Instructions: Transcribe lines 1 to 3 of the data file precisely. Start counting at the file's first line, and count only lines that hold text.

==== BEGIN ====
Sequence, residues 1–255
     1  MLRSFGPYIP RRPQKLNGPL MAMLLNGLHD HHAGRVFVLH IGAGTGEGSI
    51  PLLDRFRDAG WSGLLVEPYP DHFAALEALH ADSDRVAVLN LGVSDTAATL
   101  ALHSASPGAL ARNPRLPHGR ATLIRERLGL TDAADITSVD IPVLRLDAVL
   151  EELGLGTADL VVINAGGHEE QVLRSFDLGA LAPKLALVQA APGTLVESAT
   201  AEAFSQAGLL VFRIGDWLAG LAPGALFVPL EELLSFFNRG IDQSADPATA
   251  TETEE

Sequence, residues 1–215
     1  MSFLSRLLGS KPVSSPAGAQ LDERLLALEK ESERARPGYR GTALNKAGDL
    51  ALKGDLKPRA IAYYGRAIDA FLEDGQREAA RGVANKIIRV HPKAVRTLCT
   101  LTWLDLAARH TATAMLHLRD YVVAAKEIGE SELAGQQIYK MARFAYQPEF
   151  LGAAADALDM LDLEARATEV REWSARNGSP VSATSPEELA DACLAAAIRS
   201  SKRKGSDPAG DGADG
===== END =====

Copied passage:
Sequence, residues 1–255
     1  MLRSFGPYIP RRPQKLNGPL MAMLLNGLHD HHAGRVFVLH IGAGTGEGSI
    51  PLLDRFRDAG WSGLLVEPYP DHFAALEALH ADSDRVAVLN LGVSDTAATL